Corporal George Crozier


George Crozier was born on 31 December 1887 at Knocknashane, Lurgan, County Armagh, the ninth of ten children of damask weaver William Crozier and his wife Catherine (nee Watson). By the time of the 1911 Census he was living in Gilford Road, Lurgan, with his father, two siblings and a nephew, and working as a postman. On 29 October 1913 he married Lily Hopps at the Church of Ireland Parish Church, Lurgan. The couple had two children over the next five years.

Crozier enlisted in the North Irish Horse between 23 February and 28 March 1912 (No.693). He embarked for France with C Squadron on 20 August 1914, seeing action on the retreat from Mons and advance to the Aisne.

In June 1916 C Squadron combined with F Squadron and the 6th (Inniskilling) Dragoons Service Squadron to form the 2nd North Irish Horse Regiment, serving as corps cavalry to X Corps until September 1917, when the regiment was disbanded and its men transferred to the infantry. Like most, Crozier joined the 9th (Service) Battalion, Royal Irish Fusiliers – renamed the 9th (North Irish Horse) Battalion – on 20 September. He was issued regimental number 41384 and posted to B Company. It is likely that he saw action with the battalion in the Battle of Cambrai in November and December 1917.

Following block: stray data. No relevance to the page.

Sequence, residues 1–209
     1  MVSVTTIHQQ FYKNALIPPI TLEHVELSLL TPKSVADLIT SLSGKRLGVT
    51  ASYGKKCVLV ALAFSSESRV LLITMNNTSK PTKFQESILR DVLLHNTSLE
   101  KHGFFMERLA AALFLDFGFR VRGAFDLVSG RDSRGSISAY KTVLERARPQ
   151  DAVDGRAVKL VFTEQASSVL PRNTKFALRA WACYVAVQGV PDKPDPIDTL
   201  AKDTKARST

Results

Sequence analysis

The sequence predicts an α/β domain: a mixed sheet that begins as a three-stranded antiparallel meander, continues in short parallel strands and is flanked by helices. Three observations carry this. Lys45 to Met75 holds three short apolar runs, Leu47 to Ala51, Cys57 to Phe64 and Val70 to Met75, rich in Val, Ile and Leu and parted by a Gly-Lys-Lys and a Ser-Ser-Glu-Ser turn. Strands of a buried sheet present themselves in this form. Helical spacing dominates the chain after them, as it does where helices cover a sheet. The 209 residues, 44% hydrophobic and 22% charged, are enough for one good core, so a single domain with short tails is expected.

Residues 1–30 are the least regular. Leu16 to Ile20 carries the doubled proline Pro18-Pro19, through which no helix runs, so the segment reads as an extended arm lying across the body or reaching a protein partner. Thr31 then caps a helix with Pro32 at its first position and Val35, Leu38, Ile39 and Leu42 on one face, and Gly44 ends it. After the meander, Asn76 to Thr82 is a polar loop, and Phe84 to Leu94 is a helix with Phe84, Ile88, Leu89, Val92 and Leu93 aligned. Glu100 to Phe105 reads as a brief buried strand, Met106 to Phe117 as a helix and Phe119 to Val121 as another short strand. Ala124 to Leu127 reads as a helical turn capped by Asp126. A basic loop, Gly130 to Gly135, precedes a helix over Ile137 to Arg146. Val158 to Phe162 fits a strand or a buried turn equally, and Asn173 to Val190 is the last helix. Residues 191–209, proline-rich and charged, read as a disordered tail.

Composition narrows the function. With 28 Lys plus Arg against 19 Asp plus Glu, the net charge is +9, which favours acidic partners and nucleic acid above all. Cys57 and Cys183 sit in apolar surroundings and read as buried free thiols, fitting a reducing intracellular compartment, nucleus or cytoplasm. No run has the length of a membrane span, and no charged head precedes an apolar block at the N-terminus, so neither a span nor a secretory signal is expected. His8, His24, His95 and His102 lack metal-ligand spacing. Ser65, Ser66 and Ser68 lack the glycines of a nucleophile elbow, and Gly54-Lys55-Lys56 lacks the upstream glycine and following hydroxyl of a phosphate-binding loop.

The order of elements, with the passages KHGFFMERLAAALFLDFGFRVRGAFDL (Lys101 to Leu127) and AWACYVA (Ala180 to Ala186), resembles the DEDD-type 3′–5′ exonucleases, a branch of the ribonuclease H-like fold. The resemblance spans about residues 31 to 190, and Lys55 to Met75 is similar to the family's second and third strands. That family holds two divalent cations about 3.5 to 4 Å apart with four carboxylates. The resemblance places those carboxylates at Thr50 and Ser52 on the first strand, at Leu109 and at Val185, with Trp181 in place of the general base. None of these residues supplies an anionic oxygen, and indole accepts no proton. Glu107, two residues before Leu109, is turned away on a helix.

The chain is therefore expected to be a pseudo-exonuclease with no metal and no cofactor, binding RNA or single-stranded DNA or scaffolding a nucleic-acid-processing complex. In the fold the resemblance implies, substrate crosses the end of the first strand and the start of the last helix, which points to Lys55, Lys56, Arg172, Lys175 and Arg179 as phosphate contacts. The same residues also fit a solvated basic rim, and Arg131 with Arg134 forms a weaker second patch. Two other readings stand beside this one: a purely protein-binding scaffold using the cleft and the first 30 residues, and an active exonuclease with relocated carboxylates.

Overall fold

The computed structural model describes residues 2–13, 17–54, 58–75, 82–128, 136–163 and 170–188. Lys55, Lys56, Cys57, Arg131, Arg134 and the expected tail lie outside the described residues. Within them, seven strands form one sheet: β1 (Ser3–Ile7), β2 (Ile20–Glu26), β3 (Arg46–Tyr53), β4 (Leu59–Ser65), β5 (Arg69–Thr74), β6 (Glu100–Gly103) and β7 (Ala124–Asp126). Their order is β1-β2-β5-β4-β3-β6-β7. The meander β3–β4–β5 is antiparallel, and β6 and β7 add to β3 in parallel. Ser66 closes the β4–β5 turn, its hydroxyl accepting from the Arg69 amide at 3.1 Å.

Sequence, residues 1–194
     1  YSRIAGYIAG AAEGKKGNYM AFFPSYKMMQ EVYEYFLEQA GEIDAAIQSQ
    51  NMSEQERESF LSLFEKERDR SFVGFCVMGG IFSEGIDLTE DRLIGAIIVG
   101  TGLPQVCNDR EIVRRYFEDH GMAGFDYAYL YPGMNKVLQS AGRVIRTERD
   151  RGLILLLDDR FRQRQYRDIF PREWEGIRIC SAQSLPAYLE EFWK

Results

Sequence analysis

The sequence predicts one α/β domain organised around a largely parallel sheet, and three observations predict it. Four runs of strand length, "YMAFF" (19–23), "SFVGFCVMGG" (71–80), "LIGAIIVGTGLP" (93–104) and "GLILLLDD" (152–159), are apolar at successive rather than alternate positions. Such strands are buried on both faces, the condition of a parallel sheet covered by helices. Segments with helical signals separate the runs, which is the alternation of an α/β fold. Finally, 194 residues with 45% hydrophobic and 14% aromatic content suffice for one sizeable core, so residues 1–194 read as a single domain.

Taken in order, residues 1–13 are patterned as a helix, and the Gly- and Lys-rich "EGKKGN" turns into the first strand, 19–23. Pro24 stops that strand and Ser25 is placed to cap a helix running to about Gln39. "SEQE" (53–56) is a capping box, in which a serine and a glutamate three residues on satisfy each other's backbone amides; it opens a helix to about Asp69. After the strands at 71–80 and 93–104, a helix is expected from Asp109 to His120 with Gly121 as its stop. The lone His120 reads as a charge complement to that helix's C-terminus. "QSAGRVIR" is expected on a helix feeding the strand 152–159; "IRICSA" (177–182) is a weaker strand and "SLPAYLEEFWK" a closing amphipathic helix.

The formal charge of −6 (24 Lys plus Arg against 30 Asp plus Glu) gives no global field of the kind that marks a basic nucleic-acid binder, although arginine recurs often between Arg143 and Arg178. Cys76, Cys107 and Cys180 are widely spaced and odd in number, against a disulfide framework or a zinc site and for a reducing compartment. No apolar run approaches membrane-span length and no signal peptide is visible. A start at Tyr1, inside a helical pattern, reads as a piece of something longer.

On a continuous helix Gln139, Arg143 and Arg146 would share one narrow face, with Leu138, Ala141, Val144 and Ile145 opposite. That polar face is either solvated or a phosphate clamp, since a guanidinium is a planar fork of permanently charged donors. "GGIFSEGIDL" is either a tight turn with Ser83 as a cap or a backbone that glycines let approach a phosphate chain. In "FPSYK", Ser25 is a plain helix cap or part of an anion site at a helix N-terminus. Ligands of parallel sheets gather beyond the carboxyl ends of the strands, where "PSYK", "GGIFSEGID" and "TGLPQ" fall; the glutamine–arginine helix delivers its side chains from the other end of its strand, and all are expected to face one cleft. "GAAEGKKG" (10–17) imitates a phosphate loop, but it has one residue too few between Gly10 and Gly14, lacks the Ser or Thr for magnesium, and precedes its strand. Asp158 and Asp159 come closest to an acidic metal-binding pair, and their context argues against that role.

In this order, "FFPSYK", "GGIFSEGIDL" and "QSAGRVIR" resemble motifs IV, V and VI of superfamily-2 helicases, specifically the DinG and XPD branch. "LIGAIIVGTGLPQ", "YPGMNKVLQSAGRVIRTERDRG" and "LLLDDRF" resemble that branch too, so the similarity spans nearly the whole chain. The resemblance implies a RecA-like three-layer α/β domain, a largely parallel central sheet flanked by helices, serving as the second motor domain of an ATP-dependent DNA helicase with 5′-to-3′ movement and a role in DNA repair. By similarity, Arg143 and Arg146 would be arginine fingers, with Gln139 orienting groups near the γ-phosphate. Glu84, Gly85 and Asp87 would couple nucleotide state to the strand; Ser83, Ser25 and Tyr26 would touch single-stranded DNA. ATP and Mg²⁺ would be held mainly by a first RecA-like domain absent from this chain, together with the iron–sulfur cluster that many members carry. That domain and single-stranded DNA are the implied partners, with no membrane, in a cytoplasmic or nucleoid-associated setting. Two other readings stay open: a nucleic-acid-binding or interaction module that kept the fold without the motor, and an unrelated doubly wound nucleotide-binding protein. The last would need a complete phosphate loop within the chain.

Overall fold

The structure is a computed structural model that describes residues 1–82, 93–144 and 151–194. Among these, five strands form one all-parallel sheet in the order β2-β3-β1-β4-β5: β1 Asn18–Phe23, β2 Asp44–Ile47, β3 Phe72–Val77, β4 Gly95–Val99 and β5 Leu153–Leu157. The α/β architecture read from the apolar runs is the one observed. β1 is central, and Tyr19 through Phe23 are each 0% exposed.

Crozier was one of the many posted as missing following the battalion's fighting withdrawal from St Quentin to near Amiens from 21 to 28 March 1918. It was later learned that he had been captured, unwounded, on 27 March at Erches, near Roye.

Crozier remained a prisoner until the end of the war, held at camps in Giessen, Meschede, Stargard and Altdamm. He was released in the months following the Armistice and returned to the UK. He was discharged on 25 March 1919. He claimed a pension due to 'debility' caused by his military service, which was granted from 17 September 1919.

Crozier lived at 26 Wellington Street, Lurgan, for the rest of his life. He died at the Lurgan and Portadown Hospital on 14 August 1954 and was buried in the New Cemetery, Lurgan.